Page images
PDF
EPUB
[graphic]
[ocr errors]

Hot
Raw
Ripo
Sweet
Sour
Bitter
Handsome
Ugly
Straight
Crooked
Black
Whito
Red
Green
Long
Short
Tall
Short
Small
Great
Round
Square
Flat
Fat
Thin
Wearinosa

lamme gudorong gunáme
tái

leda
táman
mindo

minda
tánang tido

tidak
sonla
kune

kudák
paklá kónam kodák
chongthang kampodo kangkáne

aimang

guyokdák
kõikolo
nyakla
masang
malamla

yalung lüdák
tacham

gedák
lángkolo baddol6 aiárdák
ánangla adedi ándudák
lánglá

aiárdák
ánanglá adedi

ándüdák
tesu
angid

ámedák
tapé
bóte

áttadák
litükpu

| átumdák
tangik
madamka neing sudó omandák
tabók udo

juiname
apo

gidák

amírse
ngüchaho

molámak
chebalé
chuale

tuling tülüng chulale

kinong konóng

Thirst
Hunger

[ocr errors]

SECTION VI.

ON THE INDO-CHINESE BORDERERS

AND THEIR CONNECTION WITH

THE HIMALAYANS AND TIBETANS.

To the Secretary of the Asiatic Society.

SIR,—In further prosecution of my purpose of recording in the pages of our Journal a complete set of comparative vocabularies on an uniform plau, I have now the honour to transmit to you two fresh series, one for Arrakan, and the other for the Tenasserim provinces. The first comprises six tongues, viz., the Burmese, the Khyeng, the Kámi, the Kúmi, the Mrú, and the Sák; the second five, viz., the Burmese, the Talien, the Túng-lhú, the Shán, and the Siamese.

It is needless, I presume, to apologise for thus recording provincial dialects of well-known languages such as the Burmese and Siamese, because such deviations of a known kind afford inestimable means of testing those which are unknown, and of thus approximating to a just appreciation of the interminable varieties of speech that characterise the enormously-extended family of the Mongolidæ.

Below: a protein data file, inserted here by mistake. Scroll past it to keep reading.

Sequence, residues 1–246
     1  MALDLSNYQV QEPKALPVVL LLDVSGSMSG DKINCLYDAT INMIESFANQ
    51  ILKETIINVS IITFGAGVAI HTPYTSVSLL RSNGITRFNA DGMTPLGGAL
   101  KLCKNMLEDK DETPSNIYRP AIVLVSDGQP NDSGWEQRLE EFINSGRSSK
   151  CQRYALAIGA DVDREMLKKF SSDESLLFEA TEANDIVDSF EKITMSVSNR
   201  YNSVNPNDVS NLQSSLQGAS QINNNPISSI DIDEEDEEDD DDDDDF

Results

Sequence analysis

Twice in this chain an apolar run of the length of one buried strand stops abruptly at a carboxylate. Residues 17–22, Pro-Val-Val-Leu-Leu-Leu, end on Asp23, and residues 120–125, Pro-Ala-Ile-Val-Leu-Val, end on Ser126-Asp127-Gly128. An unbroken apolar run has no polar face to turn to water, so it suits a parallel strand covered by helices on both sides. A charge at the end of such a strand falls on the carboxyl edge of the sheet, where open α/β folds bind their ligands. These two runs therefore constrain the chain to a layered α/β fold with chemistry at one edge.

I am indebted for these vocabularies to Captain Phayre, whose name is a warrant for their authenticity, and who has kindly added to their value by the subjoined explanatory note upon the Arrakan tribes. On those of the Tenasserim provinces the only elucidatory addition is the important one that the Túng-lhú are “ Hillmen," that is, dislocated aborigines driven to the wilds, or, in other words, broken and dispersed tribes, like the Khyeng, and Kámi, and Kúmi, and Mrú, and Sák of Arrakan, whose vocables constitute the greatest part of the first half of the vocabularies herewith forwarded.

In the course of recording in our Journal these numerous vocabularies, I have purposely avoided any remarks on the affinities they suggest or demonstrate, intending to take up that subject when they should be completed; but the high interest * excited by my Himalayan series, in connection with the bold and skilful researches which are now demonstrating the unparalleled diffusion over the earth of that branch of the human family to which the Himalayans belong, has induced me on the present occasion to deviate partially from that rule, and to at once compare Captain Phayre's Arrakanese vocables with my own Himalayan t and Tibetan ones. Having been so fortunate as lately to procure an ample Sifánese series, comprising the tongues of the several peoples bordering on China and Tibet between Konkonúr and Yúnán, and having, moreover, made some progress in a careful analysis of a normal and of an abnormal sample of the Himálayan tongues, with a view to determining the amounts of the Turánian and Arian elements, I shall ere long find occasion to recur to the general affinities of the Indian Mongolidæ. In the meanwhile, the subjoined comparison of several Arrakanese tongues with those of Tibet and of the Eastern Himalaya will be read with surprise and pleasure by many who, accustomed to regard the Himálayans as Hindus, and the Indo-Chinese, like the Chinese, as distinct from the people of Asie Centrale, and from the Tibetans, will be astonished to find one type of language prevailing from the Káli to the Koladan, and from Ladakh to Malacca, so as to bring the Himálayans, Indo-Chinese, and Tibetans into the same fainily.